First we must not live above our means. Next we should work on our relationships with friends and family (before we find ourselves making this discovery on our deathbeds). Finally, we must either do the jobs we have from a sincere principle of mutual love and service, or find new ways to make a living that offer us true self-worth and deep satisfaction.

Follow this simple path and you will begin to experience heaven itself.

Posted on October 10, 2008by thegodguy

http://www.staircasepress.com

Posted in god, Inner growth, love, Reality, religion, spirituality, unity | Tagged , , , , , , , , , , , , , | 6 Comments

How to be happy from a deeper perspective.

How to be happyYou may be wondering how to be happy — happy in a way that will last. We have only to read the newspapers or watch the television to observe a lot of unhappiness in the world.

“I grew up as this very carefree, happy kid then things turned darker for me. Maybe it was because I saw that the world wasn’t as happy a place as I had hoped it would be for me.” (Angelina Jolie)

They all sang ‘Happy birthday’ to you and wished you ‘Happy Christmas’ but they didn’t tell you how to do it.

“It’s a helluva start, being able to recognize what makes you happy.” (Lucille Ball)

Plenty of theories about how to be happy

So important is this question of how to be happy, there is even a branch of science looking at it. But would you trust science to discover the answer?

“I went to a happiness conference; researchers looked very unhappy.” (Nassim Nicholas Taleb)

There are plenty of theories. They vary from bodily pleasure, social status, power, achievement, loving relationships, a sense of belonging, absorbing interests and more. All often thought to be the answer to the question how to be happy. You might be wondering about the money that is needed for these.  Yet:

“Money doesn’t make you happy. I now have $50 million but I was just as happy when I had $48 million.” (Arnold Schwarzenegger)

Being rich is probably not the answer.

Misguided notions on how to be happy

Emanuel Swedenborg the 18th century philosopher claimed to experience a hidden world of spirit. In an altered state of consciousness, he observed spirit people doing what they thought would make them happy.  Each group thought it knew how to be happy. One lot assumed this would be engaging in witty and intelligent conversation, another in enjoying the delights of a garden of paradise, another in feasting on excellent food and drink, and  another in having unbounded wealth and power.

Swedenborg said he was aware of following one group into a large house. In each of the many rooms a different topic was eagerly discussed — politics, morality, business, sexual relationships, religion. At one point he noticed individuals leaving to go out. Following one of them to the door where several sad-faced people sat he asked. “Why are you so sad?”

“After three days in here we cannot bear the sound of talking! We were told that one may enter this house but never leave! We must remain and enjoy the activity we had chosen how to be happy. Now we are desperate.”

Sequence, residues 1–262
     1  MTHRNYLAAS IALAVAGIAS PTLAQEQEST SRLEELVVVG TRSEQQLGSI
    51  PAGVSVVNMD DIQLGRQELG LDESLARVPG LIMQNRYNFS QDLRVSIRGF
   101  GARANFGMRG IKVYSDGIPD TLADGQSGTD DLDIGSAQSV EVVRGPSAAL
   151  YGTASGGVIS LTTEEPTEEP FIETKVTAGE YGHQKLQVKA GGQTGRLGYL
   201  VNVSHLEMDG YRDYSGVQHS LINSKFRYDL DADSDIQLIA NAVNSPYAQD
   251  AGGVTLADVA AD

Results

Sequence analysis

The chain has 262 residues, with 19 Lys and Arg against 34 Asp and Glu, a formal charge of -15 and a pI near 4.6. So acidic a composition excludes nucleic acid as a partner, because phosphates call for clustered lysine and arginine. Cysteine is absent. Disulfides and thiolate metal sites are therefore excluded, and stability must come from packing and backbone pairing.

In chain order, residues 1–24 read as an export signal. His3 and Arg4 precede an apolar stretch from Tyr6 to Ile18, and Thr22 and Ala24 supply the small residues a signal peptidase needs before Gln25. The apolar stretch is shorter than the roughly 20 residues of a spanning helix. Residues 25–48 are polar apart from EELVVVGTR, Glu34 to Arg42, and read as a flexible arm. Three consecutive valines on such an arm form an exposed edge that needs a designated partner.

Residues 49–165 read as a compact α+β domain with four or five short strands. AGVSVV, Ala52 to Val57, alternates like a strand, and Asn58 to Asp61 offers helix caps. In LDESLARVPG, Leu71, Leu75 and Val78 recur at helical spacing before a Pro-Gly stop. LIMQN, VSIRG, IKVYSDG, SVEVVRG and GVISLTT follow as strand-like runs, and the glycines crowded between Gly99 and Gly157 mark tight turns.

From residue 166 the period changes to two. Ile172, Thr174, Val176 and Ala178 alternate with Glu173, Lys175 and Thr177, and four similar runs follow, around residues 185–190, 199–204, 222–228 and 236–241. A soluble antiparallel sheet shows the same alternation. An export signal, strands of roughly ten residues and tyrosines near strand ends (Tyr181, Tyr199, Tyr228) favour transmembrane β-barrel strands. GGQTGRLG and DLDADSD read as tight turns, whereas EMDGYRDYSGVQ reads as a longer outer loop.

He recounts that another group were led through a lofty gate and along winding paths from one lovely garden to another where they could stay among the beautiful flowers, fruit trees and fountains. Some played games, others enjoyed conversation and jokes. Some gathered and ate the many delicious fruits, sang or relaxed in small delightful summer houses. They wandered through grove to grove, through a maze of hedged avenues. All thinking they knew how to be happy. At last Swedenborg came upon a number of people sitting in a rose garden, their faces drawn and sorrowful.

“This is our seventh day in paradise. At first it was wonderful, but now we’ve had enough. We tried to find a way out, but have only gone deeper into this maze. We were told we must stay here for ever because this is our idea of heaven, but we are sick of the sight of it.”

You might think that it might be easy for any of us to fall for a fool’s paradise.

How to be happy spiritually speaking

Swedenborg comments that a happiness that lasts does not come from external pleasures of the world which of themselves are lifeless and soon dull the senses. Instead how to be happy comes from doing something useful for oneself and to others. Unless this is part of one’s life, pleasurable leisure alone becomes empty and wearisome.

In his ‘Sermon on the mount’ Jesus Christ spoke about states of inner happiness. To my mind his message is that happy contentment, peace and joy comes to those when they acknowledge their poverty of spiritual understanding, are sad about times when they have acted selfishly, are humble enough to appreciate that of themselves they lack inner goodness, and when they hunger and thirst for what is good and right, try to be concerned and caring towards others, turn away from what is seen to be impure in thought and work for the active presence of goodwill and peace.

In other words chasing happiness is like trying to grasp a shadow. You can’t find happiness, no matter how hard you look: it finds you. Like the Buddhists say, how to be happy comes as a by-product when you aim instead at the inner life — its values, principles and virtues rather than craving after the things of external life.

“Men can only be happy when they do not assume that the object of life is happiness.” (George Orwell)

Copyright 2013 Stephen Russell-Lacy
Author of  Heart, Head & Hands  Swedenborg’s perspective on emotional problems